It reads to me as though you created one large array with all 5 physical hard drives and then partitioned it into two logical disks with one partition being RAID0 and the other partition a RAID5. The fact that each array is not separated onto their own physical drives, would be the reason and cause of your "poor" performance. Essentially, each array is fighting for resources and and fighting each other when accessing each partition.
My first thought is, why would you put create two logical disks and then create the arrays across the same physical hard rives? That really doesn't make sense. Usually, two physical drives are put into a RAID0 and then a minimum of 3 physical drives are put into a RAID5. If that's what you did, create one large array with all 5 physical drives and then create two logical paritions for each array, you may want to put 2*750 physical drives into the RAID0 and then the other 3*750 physical drives into the RAID5 array.
OK, 5 drives, all 750GB, unpartitioned, unformatted.
Set the Intel SATA controller to RAID mode in the bios.
Hit Ctrl-I on boot to get to the ICH9R Setup.
Create a RAID 0 array across all 5 drives, but rather than setting it to 3750GB, set it to 400GB.
This means the first 80GB or so of each disk is now in a RAID 0 array.
Create a RAID 5 array across all 5 drives in the remaining space.
Install Vista Ultimate x86 onto the RAID 0 400GB array, with raid drivers from the disk.
Wait for initialisation of the RAID 5 array to complete, as this will obviously interfere with benchmark results from both disks.
Update to latest Intel Chipset .inf and Matrix Raid drivers.
Update BIOS to latest version.
Computer now sees two drives in device manager, a 400GB drive and a 2.41TB drive.
I don't plan to be copying etc files from one array to the other, or even accessing them both at once, so the fact they are contained on the same disks shouldn't matter. Even when the RAID 5 array has its drive letter unassigned in Computer Management, meaning no part of Windows is able to access it, the benchmark results for the RAID 0 array (which is then effectively the only array on the disks) do not improve.
I don't want 2*750GB in RAID 0, for a start that would not be as fast as my current 5 disk RAID 0 array should be, it would also be 1.5TB and far too big for my system drive.
Anyone have any experience of ICH9R (or even ICH8R) not performing as well as expected?
Ok, so you did create two logical drives and span the arrays across all 5 physical drives.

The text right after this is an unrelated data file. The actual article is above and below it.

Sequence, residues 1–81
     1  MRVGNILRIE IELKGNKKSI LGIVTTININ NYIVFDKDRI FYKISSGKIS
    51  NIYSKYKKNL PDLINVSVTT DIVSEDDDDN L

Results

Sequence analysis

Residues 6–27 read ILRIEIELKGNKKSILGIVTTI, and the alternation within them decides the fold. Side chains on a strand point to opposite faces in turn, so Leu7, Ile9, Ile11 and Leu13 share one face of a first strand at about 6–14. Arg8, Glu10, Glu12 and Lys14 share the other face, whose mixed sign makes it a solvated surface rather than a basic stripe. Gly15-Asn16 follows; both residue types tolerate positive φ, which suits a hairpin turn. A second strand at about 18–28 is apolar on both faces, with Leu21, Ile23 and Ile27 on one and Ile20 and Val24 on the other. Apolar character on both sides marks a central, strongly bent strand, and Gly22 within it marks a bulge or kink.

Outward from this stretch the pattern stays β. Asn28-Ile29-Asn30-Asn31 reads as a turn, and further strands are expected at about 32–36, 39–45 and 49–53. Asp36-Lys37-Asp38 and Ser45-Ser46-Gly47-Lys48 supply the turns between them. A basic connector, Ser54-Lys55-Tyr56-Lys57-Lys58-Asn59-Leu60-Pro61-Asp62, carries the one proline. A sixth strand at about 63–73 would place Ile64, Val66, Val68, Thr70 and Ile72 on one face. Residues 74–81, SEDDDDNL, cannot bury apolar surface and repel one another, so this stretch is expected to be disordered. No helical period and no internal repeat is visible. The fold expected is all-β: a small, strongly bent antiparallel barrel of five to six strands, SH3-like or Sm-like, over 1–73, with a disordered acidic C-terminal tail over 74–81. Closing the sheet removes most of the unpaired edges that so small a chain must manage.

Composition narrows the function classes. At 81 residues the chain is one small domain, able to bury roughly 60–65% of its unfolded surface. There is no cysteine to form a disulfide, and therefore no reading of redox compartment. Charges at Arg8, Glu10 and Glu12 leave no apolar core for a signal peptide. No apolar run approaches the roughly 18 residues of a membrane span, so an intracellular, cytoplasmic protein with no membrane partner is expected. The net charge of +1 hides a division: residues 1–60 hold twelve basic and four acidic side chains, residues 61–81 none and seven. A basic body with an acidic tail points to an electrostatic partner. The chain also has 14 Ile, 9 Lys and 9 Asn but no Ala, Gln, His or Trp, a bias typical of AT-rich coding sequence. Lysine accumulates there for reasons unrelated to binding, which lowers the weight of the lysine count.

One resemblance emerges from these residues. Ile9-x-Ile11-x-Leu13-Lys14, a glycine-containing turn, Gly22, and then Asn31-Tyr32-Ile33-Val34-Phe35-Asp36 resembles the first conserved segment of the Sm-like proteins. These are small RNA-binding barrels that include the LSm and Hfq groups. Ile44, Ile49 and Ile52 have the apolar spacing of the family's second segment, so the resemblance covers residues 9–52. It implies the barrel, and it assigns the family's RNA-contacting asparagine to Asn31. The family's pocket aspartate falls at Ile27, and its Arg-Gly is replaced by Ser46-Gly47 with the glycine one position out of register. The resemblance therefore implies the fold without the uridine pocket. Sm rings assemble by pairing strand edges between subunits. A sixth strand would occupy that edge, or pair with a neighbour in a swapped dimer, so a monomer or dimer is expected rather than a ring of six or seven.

Given that you're using the ICHR9 and it is effectively software RAID, the arrays are fighting for resources to calculate parity and using the same channels for I/O. I theory I agree it should not matter. But the practice is obviously not giving you the results you want or expect. I equate setting up your arrays like that to putting a CD-ROM as the slave and a hard drive as the master on the same IDE ribbon cable. In theory there is enough bandwidth to allow traffic to readily flow between the two but the pratice always provides less than average results.
Even though you say you won't be copying files between the arrays, I would imagine that would be almost impossible not to. I would also imagine that you are going to have partitions within each array to organize your files and data. If that's the case, then copying data/files from one partition on the RAID5 to another partition on the RAID5 is going to result in less than expected performance as well; let alone copying files from a parition on the RAID0 to a parition on the RAID5. Even with a dedicated controller card, I would think you'd have the same issues as using the ICHR9, the only difference would that you are off-loading the parity and I/O to the card's resources rather than your system resources.
Again, typically speaking arrays are dedicated to physical drives and although you may not want to do that it seems to me it would provide the best overall results.
All other comments aside, what are you going to do if a physical drive fails? You've lost both arrays and not just one.
Well parity isn't an issue with RAID 0, so while the RAID 5 array is not assigned a drive letter that doesn't come into it.
I have a quad core CPU at 3.6GHz, which I'm sure can spare a core or two for parity when doing other things.
Neither of the arays are further partitioned, the system drive holds windows, apps, games etc, the storage drive mostly holds vast amounts of TV shows, movies, game images, etc, so read/write speed is not really an issue anyway - even if it writes and reads at 20mb/s on the RAID 5 array, that's enough.
Anyway, write back cache gave me 434MB/s average reads, as you can see from the post above yours, so I'm happy now